Duszenko, M. and Ginger, Michael L. and Brennand, A. and Gualdron-Lopez, M. and Colombo, M.-I. and Coombs, G. H. and Coppens, I. and Jayabalasingham, B. and Langsley, G. and Lisboa de Castro, S. and Menna-Barreto, R. and Mottram, J. C. and Navarro, M. and Rigden, D. J. and Romana, P. and Stoka, V. and Turk, B. and Michels, Paul A. M. (2011) Autophagy in protists. Autophagy, 7 (2). pp. 127-158. ISSN 1554-8635Full text not available from this repository.
Autophagy is the degradative process by which eukaryotic cells digest their own components using acid hydrolases within the lysosome. Originally thought to function almost exclusively in providing starving cells with nutrients taken from their own cellular constituents, autophagy is in fact involved in numerous cellular events including differentiation, turnover of macromolecules and organelles and defense against parasitic invaders. During the past 10-20 years, molecular components of the autophagic machinery have been discovered, revealing a complex interactome of proteins and lipids, which, in a concerted way, induce membrane formation to engulf cellular material and target it for lysosomal degradation. Here, our emphasis is autophagy in protists. We discuss experimental and genomic data indicating that the canonical autophagy machinery characterized in animals and fungi appeared prior to the radiation of major eukaryotic lineages. Moreover, we describe how comparative bioinformatics revealed that this canonical machinery has been subject to moderation, outright loss or elaboration on multiple occasions in protist lineages, most probably as a consequence of diverse lifestyle adaptations. We also review experimental studies illustrating how several pathogenic protists either utilize autophagy mechanisms or manipulate host-cell autophagy in order to establish or maintain infection within a host. The essentiality of autophagy for the pathogenicity of many parasites, and the unique features of some of the autophagy-related proteins involved, suggest possible new targets for drug discovery. Further studies of the molecular details of autophagy in protists will undoubtedly enhance our understanding of the diversity and complexity of this cellular phenomenon and the opportunities it offers as a drug target.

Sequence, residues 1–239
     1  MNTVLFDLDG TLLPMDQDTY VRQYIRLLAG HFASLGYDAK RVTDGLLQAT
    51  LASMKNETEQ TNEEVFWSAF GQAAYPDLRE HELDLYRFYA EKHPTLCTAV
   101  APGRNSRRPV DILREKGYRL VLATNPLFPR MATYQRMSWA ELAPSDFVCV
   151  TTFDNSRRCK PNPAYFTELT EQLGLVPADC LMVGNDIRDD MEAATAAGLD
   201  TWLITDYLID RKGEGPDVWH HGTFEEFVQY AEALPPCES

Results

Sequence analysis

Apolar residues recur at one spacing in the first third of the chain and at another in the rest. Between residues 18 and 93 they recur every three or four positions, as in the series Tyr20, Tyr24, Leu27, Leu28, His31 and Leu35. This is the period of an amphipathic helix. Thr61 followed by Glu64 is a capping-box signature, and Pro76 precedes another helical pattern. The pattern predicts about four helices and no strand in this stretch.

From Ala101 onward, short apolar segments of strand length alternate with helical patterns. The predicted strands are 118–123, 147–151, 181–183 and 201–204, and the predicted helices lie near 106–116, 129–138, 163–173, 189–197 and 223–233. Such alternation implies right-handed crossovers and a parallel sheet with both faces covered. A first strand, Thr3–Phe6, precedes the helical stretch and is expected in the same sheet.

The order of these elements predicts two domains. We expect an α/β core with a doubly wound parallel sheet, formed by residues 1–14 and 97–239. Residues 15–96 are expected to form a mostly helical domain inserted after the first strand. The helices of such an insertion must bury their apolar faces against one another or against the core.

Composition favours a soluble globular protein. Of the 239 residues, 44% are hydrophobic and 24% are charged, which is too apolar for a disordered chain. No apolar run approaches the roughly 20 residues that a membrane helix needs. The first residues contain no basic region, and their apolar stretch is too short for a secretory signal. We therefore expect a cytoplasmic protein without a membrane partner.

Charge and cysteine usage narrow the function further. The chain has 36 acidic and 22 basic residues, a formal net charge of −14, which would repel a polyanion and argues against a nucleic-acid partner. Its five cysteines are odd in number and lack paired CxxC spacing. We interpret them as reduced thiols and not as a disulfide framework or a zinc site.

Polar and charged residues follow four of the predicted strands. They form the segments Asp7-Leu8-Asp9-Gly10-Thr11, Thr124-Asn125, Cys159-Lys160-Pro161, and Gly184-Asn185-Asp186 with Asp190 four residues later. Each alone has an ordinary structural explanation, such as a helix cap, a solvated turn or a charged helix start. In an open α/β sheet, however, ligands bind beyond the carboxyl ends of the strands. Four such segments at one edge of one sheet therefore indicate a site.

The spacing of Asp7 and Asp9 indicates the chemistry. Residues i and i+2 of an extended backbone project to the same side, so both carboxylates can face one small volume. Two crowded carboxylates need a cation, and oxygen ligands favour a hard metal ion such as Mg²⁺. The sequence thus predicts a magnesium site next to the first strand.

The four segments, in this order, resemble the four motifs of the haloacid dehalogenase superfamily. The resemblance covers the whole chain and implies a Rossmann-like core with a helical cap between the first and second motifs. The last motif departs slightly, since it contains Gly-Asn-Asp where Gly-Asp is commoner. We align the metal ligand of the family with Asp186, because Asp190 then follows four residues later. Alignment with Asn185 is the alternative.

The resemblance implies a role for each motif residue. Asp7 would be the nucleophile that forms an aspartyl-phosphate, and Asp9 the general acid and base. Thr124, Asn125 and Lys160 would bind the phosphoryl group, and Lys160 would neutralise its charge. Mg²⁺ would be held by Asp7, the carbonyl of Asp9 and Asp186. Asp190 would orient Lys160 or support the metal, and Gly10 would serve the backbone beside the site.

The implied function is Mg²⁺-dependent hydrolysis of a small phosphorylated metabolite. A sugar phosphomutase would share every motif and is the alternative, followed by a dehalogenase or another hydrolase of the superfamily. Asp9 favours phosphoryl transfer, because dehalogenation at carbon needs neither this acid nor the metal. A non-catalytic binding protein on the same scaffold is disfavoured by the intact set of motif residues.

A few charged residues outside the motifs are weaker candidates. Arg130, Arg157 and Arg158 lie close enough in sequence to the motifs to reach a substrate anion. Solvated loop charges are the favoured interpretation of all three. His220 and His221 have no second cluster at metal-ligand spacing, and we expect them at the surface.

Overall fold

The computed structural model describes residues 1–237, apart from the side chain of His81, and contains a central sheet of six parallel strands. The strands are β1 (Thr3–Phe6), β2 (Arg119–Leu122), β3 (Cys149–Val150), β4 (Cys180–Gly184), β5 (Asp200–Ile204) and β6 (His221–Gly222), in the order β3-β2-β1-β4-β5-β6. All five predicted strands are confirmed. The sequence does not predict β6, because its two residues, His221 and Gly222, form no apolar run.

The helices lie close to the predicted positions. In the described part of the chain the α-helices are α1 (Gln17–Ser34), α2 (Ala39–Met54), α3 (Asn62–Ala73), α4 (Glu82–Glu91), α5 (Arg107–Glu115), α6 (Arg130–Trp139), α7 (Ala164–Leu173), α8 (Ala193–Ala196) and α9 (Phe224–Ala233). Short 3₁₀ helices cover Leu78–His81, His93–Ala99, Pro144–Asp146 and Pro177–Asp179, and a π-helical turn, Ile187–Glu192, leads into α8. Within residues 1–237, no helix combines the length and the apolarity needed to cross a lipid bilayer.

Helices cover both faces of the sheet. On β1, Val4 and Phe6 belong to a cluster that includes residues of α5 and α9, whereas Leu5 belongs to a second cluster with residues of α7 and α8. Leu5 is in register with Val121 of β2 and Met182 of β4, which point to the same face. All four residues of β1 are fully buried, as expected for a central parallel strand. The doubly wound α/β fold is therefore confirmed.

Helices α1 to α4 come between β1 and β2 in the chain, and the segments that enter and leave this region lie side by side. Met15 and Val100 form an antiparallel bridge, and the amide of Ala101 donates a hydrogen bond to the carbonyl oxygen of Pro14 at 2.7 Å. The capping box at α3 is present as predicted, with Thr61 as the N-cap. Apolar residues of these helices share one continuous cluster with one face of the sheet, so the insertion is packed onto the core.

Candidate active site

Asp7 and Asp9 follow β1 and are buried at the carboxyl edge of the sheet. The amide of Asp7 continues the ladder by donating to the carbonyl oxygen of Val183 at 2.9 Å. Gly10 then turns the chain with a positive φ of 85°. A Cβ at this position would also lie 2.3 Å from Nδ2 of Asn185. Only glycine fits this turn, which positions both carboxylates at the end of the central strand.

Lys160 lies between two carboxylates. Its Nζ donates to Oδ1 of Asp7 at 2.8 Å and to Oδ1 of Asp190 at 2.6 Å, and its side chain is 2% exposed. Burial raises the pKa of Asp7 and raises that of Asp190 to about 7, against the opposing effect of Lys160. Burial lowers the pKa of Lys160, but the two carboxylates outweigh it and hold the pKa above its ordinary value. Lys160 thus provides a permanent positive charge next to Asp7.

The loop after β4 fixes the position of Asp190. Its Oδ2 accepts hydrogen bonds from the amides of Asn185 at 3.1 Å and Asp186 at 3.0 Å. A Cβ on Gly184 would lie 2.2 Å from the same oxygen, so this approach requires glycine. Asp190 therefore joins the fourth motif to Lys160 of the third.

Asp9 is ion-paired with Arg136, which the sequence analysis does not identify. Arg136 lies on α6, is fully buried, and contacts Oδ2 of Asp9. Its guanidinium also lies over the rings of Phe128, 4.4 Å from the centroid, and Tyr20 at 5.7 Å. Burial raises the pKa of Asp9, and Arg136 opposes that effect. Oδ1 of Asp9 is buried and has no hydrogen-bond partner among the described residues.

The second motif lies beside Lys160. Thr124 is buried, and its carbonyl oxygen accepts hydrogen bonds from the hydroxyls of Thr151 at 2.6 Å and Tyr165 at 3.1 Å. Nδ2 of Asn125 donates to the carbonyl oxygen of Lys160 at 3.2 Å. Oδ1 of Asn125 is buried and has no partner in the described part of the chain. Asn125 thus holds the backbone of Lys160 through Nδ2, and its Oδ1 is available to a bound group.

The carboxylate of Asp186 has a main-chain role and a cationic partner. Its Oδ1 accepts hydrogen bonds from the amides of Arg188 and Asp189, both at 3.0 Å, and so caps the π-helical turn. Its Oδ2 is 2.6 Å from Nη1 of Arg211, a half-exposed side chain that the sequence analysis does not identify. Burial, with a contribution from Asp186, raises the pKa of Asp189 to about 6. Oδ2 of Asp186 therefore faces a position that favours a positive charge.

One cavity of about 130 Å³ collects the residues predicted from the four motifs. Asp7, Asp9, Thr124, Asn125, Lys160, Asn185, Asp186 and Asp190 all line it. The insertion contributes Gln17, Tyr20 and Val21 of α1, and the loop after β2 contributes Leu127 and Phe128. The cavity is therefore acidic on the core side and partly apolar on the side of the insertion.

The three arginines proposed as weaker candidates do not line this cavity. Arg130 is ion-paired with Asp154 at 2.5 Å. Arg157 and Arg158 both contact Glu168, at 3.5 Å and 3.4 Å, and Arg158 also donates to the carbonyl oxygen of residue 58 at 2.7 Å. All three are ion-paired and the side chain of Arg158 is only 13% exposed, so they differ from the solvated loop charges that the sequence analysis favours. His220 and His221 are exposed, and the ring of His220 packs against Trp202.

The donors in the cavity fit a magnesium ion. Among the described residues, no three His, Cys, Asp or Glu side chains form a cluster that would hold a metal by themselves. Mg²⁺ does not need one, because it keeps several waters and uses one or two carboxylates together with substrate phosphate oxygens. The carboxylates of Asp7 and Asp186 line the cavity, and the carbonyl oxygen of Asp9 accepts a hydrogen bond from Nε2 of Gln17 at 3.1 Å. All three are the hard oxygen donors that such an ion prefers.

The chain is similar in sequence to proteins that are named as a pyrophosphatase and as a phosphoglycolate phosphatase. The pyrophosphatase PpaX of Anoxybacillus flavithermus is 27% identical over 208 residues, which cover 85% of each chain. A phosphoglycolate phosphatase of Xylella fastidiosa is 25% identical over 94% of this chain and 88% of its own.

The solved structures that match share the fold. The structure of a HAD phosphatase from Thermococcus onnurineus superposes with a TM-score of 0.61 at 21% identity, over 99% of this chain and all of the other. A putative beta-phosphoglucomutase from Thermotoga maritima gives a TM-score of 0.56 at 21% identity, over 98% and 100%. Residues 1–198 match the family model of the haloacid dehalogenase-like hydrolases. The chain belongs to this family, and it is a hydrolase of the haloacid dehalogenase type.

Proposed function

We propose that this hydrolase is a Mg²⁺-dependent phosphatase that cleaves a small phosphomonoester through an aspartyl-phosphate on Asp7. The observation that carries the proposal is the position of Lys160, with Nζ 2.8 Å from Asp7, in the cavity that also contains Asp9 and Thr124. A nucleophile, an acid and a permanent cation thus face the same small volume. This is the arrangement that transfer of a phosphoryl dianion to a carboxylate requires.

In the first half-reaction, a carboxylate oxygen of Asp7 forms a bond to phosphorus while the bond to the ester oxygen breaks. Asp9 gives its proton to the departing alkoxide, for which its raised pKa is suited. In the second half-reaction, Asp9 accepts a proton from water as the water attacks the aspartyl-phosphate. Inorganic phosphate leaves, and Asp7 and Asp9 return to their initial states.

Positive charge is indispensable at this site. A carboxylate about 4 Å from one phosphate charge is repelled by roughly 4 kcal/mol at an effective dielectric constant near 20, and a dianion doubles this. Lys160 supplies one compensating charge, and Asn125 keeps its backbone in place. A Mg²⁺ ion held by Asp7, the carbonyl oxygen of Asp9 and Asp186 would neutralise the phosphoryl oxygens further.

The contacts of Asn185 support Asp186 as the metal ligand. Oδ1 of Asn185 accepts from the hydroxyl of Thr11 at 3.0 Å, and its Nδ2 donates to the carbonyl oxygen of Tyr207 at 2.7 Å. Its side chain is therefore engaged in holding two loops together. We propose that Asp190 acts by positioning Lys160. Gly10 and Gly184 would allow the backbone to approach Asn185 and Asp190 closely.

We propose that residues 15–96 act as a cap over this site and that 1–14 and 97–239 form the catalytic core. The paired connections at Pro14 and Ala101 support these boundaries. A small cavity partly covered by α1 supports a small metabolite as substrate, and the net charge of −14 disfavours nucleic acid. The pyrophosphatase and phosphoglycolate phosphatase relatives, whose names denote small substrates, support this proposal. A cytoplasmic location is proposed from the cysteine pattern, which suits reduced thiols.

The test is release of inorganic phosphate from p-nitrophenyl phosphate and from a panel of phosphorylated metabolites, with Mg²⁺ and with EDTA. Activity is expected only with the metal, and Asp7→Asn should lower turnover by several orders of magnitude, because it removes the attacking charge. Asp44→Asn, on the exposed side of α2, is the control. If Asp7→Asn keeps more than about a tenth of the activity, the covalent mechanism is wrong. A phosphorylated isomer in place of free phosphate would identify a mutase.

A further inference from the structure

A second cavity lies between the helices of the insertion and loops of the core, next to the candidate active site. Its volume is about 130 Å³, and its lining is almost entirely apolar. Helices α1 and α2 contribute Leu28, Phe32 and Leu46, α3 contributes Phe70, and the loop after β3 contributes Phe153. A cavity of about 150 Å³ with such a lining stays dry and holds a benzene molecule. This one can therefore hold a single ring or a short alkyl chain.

|Journal or Publication Title:||Autophagy|
|Subjects:||Q Science > QH Natural history > QH301 Biology|
|Departments:||Faculty of Health and Medicine > Biomedical & Life Sciences|
|Deposited By:||Dr Michael Ginger|
|Deposited On:||14 Dec 2010 15:15|
|Last Modified:||24 Jun 2016 01:24|
Actions (login required)